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Animal Behavior and Welfare
Asian-Australasian Journal of Animal Sciences 2009;22(5): 727-731.
DOI: https://doi.org/10.5713/ajas.2009.80554    Published online April 30, 2009.
The Effects of Skin Pigmentation on Physiological Factors of Thermoregulation and Grazing Behaviour of Dairy Goats in a Hot and Humid Climate
Nazan Koluman Darcan, Soner Cankaya*, Serap Goncu Karakok
Correspondence:  Soner Cankaya,
Abstract
The aim of this study was to understand the effects of skin pigmentation on physiological parameters of thermoregulation and grazing behaviour of dairy goats in a hot and humid climate. The study used 26 crossbred Saanen yearling goats (95% Saanen+5% Local Hair Breed). The animals were raised at semi-intensive private farms in Adana (36 59??N, 35 18??E). Groups were selected 2 d before the start of observations. Goats were categorized as predominantly pigmented (P) skin and unpigmented (UP) skin. All observations and measurements were collected on grassland during the grazing period of June and July 2007 (60 d). Air temperature and relative humidity were recorded at 10 min intervals by a portable data logger. The physiological data (rectal temperature, respiration and pulse rate, and skin temperatures from head and udder) were recorded twice weekly in the morning (07:00-08:00); at midday (13:00-14:00); and in the evening (18:00-19:00). Additionally, the activity of the animals was observed and classified (eating, ruminating, drinking, standing, walking, lying) for 12 h during the day twice weekly, using a portable camera system linked directly to a computer. Panting behaviour was also observed. According to the THI values, the experimental goats were subjected to stressful conditions. The pigmented goats had significantly lower rectal temperatures (39.68 vs. 29.89??C), pulse rate (74.08 vs. 84.10 beat/min) and respiration rate (65.65 vs. 88.23 breath/min.) compared with unpigmented goats at midday when the THI exceeded 92. The rectal, head and udder temperatures, pulse and respiration rates of the non-pigmented group exceeded 40??C, 37??C, 37.5??C, 84 beats/min and 78 breaths/min, respectively. Higher activity was observed among pigmented compared with unpigmented goats. Unpigmented goats grazed (4.3 vs. 5.6 h), ruminated (2.0 vs. 2.4 h), and stood (0.8 vs. 1.2 h) less, but lay down (2.2 vs. 1.8 h) more than pigmented goats. The data obtained in this experiment support the hypothesis that unpigmented goats are more adversely affected by climatic stress, likely due to their decreased activity and increased water consumption, as demonstrated by previous studies.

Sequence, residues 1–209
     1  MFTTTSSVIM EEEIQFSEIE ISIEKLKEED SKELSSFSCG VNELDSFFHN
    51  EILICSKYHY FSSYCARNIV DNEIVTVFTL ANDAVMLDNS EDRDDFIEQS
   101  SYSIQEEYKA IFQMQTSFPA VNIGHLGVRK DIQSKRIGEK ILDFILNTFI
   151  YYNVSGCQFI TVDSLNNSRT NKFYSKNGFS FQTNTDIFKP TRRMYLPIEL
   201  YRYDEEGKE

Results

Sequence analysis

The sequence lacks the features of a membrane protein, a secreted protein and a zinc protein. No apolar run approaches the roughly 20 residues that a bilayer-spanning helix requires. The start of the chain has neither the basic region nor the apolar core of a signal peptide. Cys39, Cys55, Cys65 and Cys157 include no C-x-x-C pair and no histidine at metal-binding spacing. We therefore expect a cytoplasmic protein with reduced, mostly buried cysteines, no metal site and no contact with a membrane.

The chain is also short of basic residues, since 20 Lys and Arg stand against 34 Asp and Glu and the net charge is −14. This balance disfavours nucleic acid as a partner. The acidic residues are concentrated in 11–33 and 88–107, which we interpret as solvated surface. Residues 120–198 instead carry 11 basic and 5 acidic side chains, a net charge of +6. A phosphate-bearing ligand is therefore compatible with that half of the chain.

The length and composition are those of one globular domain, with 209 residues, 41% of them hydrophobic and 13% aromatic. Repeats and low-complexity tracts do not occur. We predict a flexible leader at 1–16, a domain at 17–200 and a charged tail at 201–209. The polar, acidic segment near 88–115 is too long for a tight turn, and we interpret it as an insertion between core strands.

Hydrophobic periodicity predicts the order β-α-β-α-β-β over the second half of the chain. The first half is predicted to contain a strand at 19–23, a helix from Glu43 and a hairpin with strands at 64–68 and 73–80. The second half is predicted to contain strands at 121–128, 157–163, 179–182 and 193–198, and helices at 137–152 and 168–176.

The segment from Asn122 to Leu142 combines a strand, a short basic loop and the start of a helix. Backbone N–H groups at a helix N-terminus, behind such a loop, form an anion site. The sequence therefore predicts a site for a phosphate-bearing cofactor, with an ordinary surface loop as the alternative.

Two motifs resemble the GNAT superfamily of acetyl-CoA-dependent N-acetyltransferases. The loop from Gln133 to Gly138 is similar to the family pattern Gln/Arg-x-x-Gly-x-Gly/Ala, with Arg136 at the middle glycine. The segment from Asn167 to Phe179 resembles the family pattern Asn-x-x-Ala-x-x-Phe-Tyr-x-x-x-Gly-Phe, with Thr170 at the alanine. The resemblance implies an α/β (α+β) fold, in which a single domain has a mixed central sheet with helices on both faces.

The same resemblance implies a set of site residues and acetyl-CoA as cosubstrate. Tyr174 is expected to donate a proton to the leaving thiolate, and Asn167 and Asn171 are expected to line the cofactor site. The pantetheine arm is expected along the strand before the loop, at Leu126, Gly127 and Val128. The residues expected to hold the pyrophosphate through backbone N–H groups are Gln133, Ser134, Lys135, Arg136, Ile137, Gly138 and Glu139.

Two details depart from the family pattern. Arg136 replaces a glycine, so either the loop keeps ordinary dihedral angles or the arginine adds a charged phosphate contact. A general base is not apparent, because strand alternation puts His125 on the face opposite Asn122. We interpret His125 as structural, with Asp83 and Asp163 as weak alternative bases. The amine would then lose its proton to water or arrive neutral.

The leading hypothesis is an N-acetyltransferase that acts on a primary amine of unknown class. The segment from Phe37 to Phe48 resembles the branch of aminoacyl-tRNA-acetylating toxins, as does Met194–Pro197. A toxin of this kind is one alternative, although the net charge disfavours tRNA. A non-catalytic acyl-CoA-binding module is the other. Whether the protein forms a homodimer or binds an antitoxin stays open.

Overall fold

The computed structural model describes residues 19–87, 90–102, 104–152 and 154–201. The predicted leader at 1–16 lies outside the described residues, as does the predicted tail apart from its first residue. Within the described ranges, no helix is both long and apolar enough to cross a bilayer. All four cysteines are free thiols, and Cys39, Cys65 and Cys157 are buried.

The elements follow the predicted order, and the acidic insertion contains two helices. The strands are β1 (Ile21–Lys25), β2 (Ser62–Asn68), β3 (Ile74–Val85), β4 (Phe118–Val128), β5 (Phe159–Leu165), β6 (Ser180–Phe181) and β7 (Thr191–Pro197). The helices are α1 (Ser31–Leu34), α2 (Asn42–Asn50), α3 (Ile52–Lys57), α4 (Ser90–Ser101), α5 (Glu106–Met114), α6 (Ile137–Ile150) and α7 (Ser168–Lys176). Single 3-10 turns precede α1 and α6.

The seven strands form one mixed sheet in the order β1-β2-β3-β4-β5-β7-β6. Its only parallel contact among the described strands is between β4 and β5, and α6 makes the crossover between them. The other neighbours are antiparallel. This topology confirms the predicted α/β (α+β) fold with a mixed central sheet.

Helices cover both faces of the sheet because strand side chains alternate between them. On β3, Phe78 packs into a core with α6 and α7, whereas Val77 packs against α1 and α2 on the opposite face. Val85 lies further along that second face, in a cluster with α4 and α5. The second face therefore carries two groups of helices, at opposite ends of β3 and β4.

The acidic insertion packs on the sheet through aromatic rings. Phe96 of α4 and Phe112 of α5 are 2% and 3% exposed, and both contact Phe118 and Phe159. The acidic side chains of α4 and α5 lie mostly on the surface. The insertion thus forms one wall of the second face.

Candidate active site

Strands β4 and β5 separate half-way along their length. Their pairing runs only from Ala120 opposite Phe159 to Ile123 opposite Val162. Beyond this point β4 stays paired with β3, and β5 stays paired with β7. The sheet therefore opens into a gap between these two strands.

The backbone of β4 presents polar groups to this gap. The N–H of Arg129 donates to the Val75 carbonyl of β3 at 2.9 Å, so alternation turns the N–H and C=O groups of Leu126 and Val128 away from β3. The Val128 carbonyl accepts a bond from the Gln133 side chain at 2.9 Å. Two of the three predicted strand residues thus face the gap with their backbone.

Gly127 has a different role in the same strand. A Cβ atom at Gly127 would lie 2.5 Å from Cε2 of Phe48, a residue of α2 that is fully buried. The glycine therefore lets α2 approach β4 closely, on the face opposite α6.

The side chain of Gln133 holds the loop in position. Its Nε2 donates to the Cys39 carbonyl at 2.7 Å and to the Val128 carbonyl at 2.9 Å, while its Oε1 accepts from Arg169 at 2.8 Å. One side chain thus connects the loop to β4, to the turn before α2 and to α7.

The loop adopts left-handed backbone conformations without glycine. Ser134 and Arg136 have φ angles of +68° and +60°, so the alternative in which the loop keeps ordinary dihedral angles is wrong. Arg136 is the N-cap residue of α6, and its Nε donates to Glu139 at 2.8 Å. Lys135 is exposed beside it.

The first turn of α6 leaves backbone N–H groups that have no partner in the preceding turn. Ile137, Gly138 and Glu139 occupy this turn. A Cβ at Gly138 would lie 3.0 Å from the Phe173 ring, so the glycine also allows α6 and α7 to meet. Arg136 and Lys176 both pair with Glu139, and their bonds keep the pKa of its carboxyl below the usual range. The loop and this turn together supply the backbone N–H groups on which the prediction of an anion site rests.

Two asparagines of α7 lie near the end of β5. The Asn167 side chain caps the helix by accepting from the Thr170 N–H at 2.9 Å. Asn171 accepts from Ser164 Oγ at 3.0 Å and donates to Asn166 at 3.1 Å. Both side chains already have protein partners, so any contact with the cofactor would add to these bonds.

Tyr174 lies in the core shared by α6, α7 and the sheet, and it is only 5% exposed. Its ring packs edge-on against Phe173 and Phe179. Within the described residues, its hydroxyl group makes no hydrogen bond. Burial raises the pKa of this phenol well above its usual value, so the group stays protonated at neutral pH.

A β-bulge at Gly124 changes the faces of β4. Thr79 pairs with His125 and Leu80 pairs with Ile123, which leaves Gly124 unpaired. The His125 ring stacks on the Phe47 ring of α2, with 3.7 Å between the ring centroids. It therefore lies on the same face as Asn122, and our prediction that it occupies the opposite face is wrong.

Keywords: Skin Pigmentation; Heat Stress; Physiological Factors; Grazing; Behaviour Goat


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